The previous guide covered how Helm’s Chart Releaser Action can be configured to automate the signing of Helm charts. This brief guide describes how to verify signed Helm charts against their provenance file (*.prov) via the Helm CLI command or Terraform.

Provenance File

Signed Helm charts are usually hosted alongside an automatically generated provenance file. Using the Helm command helm verify (or Terraform) the integrity and origin of a chart can be verified against the public PGP key of the chart publisher. The contents of a typical provenance file consist of:

  • The Helm chart’s Chart.yaml file contents
  • A SHA256 hash of the chart package
  • The PGP signature block

See the example below:

Hash: SHA512

apiVersion: v2
appVersion: 1.16.0
description: A Helm chart for Kubernetes
name: mychart
type: application
version: 0.1.0

  mychart-0.1.0.tgz: sha256:690fbec58c4b1b5a039594041bd35022aec5a59dc1c0325a88606ee44a80eb71


Step 1 - Import Publisher’s Public PGP Key

Before a signed chart can be verified, the publisher’s/signer’s public key must be present in the local keyring. By default, GnuPG version 2 or greater stores keyrings in the keybox format1 (.kbx), which is not currently supported by Helm when verifying signed charts. So, it’s necessary to convert/export the keyring to GnuPG’s legacy format .gpg e.g. pubring.gpg.

Since most public keys are hosted in the OpenPGP ASCII armor format (*.asc), the following command can be used to download and convert such a public key to the .gpg format in a single step:

curl | gpg --dearmor > /home/colin/.gnupg/pubring.gpg

curl outputs the hosted key, gpg --dearmor converts that output to gpg’s binary format2, which is then saved to the user’s GnuPG home directory as pubring.gpg.

Alternatively, the publisher’s key can also be imported normally and then exported to the .gpg format:

Import Key using Curl

curl | gpg --import

Import Key from a Keyserver via its Fingerprint

gpg --keyserver --recv-keys 72D7468F

Import Key using Keybase Username via the Keybase App

keybase pgp pull hashicorp

Once the public key has been imported to your local keyring using one of the above methods, you can export it to the .gpg format using the command below:

Export Public Keyring in GPG format

gpg --output pubring.gpg --export 72D7468F

Step 2 - Verify Signed Helm Chart

Now that the publisher’s public key is part of your local keyring you can use Helm or Terraform to verify charts signed by that publisher.

Verify Signed Helm Charts using Helm CLI

First add the desired helm chart repo e.g. HashiCorp:

helm repo add hashicorp

Then use helm fetch --verify to verify the signed chart:

helm fetch --verify hashicorp/vault --version 0.19.0 --keyring pubring.gpg
Signed by: HashiCorp Security ( <>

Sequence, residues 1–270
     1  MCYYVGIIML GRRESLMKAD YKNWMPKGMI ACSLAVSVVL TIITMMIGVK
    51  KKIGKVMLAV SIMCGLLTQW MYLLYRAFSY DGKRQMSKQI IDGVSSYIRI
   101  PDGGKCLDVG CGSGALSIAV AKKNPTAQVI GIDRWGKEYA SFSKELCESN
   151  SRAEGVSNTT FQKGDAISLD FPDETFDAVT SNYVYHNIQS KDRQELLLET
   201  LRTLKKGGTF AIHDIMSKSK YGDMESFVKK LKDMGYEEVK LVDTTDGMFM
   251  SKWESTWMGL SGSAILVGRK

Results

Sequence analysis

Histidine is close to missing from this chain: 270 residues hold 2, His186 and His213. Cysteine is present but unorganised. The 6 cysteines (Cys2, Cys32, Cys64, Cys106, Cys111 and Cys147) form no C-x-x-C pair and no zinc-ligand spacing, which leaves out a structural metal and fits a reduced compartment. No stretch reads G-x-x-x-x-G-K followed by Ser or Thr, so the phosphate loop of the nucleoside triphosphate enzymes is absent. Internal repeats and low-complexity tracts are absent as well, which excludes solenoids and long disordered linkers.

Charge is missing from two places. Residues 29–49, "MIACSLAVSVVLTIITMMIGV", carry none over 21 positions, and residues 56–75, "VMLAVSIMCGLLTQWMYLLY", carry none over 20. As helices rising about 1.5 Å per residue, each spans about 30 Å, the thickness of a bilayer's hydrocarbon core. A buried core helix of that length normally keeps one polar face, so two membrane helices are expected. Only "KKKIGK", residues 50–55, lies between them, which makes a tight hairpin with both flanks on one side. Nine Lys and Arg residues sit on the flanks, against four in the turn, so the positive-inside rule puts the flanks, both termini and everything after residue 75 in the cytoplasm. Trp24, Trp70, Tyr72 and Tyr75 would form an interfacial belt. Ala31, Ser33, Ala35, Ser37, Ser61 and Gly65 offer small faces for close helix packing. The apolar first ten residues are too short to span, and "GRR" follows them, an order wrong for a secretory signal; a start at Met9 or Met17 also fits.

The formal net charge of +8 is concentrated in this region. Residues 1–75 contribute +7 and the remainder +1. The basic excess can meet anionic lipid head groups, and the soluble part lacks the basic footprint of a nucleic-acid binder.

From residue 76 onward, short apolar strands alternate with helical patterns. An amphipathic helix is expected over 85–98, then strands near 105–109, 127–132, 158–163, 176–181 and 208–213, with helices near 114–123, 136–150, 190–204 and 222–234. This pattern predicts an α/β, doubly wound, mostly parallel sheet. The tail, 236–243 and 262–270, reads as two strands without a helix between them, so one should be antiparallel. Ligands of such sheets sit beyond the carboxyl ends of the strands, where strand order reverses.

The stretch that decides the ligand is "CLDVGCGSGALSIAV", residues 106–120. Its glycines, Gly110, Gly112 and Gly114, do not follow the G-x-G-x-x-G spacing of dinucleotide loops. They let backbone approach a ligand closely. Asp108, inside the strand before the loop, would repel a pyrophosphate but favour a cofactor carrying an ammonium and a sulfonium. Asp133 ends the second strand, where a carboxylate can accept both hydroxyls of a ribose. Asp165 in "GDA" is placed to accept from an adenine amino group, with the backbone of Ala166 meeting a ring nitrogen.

Using Key With Fingerprint: C874011F0AB405110D02105534365D9472D7468F
Chart Hash Verified: sha256:fb7a99fc3d29ccb387fcf741a304124ae0c665a1d3a238024b4a54593f1fa464

If the keyring containing the public key associated with the signed chart is not in the default location, you may need to point to the keyring with --keyring PATH3

If the integrity of the chart has been compromised in any way, the helm verify command with throw an error citing a mismatch in the expected hash of the chart package:

helm fetch --verify hashicorp/vault --version 0.19.0 --keyring pubring.gpg
Error: sha256 sum does not match for vault-0.19.0.tgz:
"sha256:fb7a99fc3d29ccb387fcf741a304124ae0c665a1d3a238024b4a54593f1fa464" !=

If the requested chart is not signed, the helm fetch command throws an error:

Error: Failed to fetch provenance ""

Verify Signed Helm Charts in Terraform

The helm_release resource of the helm Terraform provider can verify charts before installation by setting the verify key value to true:

resource "helm_release" "vault" {
  name             = "vault"
  namespace        = "vault"
  create_namespace = true
  repository       = ""
  chart            = "vault"
  version          = "0.19.0"
  verify           = true
  keyring          = "hashicorp_pubring.gpg"

If the chart is successfully verified when terraform apply is run, the chart is installed without incident. However, if the chart has been tampered with in any way you’ll receive an error and the chart deployment will fail:

helm_release.vault: Creating...
│ Error: openpgp: invalid signature: RSA verification failure
│   with helm_release.vault,
│   on line 16, in resource "helm_release" "vault":
│   16: resource "helm_release" "vault" {


That’s it! You can now verify charts using helm verify or Terraform. These methods can be integrated into GitOps workflows in many ways to ensure charts are always verified before installation.